AIA opposed Senate Bill 2620 that dramatically revised the original intent of Hawaii’s I% set-aside for public art in state-funded buildings. AIA was an original supporter of the law championed by architect Alfred Preis FAIA. SB 2620 would have diverted some funds for performing arts and allowed state-funded public art to be displayed in any government building including federal and county-funded. SB 2620 failed to pass the House Finance Committee, meaning it is essentially dead.

Historic Preservation Senate Bill 2633

AIA monitored SB 2633 attempting to exempt all residences from current state historic preservation law, but did not submit official testimony. Several architects sent opposing testimony that well-characterizes the detrimental effect the bill could have on the built environment of this state. Last fall AIA Honolulu sat on a City & County of Honolulu DPP task force that proposed some common sense changes that could be taken to alleviate complaints surrounding the current DLNR process. Track the DLNR determinations of no significant impact by Tax Map Key, meaning subsequent building permit applications for the same building would not need to duplicate the effort. Develop a list of exempt activities.

Opposing testimony of the Historic Hawaii Foundation makes the same good points and calls upon DLNR to update the list of eligible buildings with true historic significance, instead of a “categorical” exemption for all residential buildings.  

Pacific Source Event: Surface Art

15 April 2014

AIA Convention 2014 Early Bird Registration Ends


for AIA Convention 2014 ends tomorrow
(16 April 2014)!!

Deadline Approaching: 2014 AIA Maui Scholarship

AIA Maui is currently accepting applications for two (2) $3,000 scholarships.  Please see the Scholarship page for more information and scholarship application and nomination forms.

The deadline for receiving applications is Wednesday, 30 April 2014.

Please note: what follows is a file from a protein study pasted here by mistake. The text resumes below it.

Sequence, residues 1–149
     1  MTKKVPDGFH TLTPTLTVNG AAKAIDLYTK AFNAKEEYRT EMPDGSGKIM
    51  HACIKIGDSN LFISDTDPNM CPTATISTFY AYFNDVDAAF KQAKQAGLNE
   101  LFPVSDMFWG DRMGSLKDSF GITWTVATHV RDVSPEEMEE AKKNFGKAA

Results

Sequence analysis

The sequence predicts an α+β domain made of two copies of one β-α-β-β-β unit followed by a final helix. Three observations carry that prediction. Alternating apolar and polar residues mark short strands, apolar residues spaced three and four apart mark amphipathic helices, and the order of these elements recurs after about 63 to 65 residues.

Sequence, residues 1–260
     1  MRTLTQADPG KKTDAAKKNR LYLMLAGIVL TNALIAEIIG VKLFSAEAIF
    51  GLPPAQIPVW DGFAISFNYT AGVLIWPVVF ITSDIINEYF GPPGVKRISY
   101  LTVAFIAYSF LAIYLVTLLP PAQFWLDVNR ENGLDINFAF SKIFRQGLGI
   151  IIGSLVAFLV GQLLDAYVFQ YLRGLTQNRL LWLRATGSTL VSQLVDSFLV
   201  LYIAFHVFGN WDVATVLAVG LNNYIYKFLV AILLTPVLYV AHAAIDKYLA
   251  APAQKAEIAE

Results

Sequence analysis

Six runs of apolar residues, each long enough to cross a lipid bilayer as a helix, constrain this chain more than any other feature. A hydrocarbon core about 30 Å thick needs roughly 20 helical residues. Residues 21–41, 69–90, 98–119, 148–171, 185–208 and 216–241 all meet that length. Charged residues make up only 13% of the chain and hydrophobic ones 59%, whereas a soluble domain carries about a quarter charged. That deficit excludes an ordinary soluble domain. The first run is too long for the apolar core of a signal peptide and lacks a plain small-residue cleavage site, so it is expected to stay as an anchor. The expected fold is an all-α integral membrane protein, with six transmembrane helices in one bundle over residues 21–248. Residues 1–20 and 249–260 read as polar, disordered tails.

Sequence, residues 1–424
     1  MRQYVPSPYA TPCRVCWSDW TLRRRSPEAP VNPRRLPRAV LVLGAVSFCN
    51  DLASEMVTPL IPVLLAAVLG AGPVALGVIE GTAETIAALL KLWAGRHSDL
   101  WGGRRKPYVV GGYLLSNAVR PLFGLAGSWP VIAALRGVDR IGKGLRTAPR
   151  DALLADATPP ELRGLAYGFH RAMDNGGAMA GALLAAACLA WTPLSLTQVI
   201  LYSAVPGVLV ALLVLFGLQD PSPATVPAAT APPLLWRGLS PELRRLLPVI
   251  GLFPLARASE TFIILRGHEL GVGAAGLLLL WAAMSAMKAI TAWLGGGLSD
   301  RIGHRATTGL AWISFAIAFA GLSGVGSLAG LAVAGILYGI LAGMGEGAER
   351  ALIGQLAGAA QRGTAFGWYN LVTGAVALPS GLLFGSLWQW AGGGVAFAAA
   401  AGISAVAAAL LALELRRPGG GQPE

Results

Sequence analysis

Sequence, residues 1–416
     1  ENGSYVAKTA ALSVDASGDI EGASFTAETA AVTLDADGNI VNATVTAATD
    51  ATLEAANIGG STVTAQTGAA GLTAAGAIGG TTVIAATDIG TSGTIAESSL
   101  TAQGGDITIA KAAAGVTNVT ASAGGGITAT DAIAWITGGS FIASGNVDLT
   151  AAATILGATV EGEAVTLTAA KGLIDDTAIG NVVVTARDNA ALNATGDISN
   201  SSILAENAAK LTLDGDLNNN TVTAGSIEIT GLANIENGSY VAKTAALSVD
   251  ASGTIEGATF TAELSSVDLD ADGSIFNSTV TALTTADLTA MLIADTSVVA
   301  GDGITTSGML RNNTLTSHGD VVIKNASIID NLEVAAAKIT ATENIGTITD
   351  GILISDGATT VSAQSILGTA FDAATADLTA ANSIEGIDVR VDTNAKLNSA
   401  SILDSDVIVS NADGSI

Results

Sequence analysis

11 April 2014

HCPO 2014 Call for Sessions


The 2014 Hawaii Congress of Planning Officials (HCPO) open Call for Sessions deadline is Friday, 18 April 2014.  The AIA Maui is encouraging its membership to submit ideas!!

The following is a proposal for a HCPO Panel Discussion by Shichao Li at DBET:

Challenges and Alternatives to Deal with Existing Development Built in Close Proximity to the Shoreline

Short description:

Under the circumstance of climate change, Hawaiian Islands are under the challenges to deal with existing development built in close proximity to the shoreline.  This panel aims to discuss these challenges and potential solutions regarding the increasing risk of coastal hazards to existing development within the shoreline area.

Long description:

Hawaiian Islands are among the most vulnerable to coastal hazards.  Under the circumstance of climate change and severe weather, we are increasingly facing the challenges to deal with the existing development and nonconforming structures built in close proximity to the shoreline.  For example, recent coastal erosion events on Oahu, Maui and Kauai have highlighted the challenge in dealing with the existing nonconforming structures, including private properties, within the shoreline area.  These existing structures, including transportation, water, energy, and other infrastructure were completed prior to Act 136, Session Laws of Hawaii 1970, relating to Land Use Law, which established shoreline setback requirements.

This discussion panel aims to gather professionals and property owners to discuss the challenges and alternatives, with examples and stories at the local level as to how to respond to increasing risk of coastal hazards such as high waves, shoreline erosion, and rising sea levels to the existing development system.  The panel may:


1.       Discuss the immediate economic costs and social consequences of retreat of coastal infrastructure from risk-prone, low-lying areas.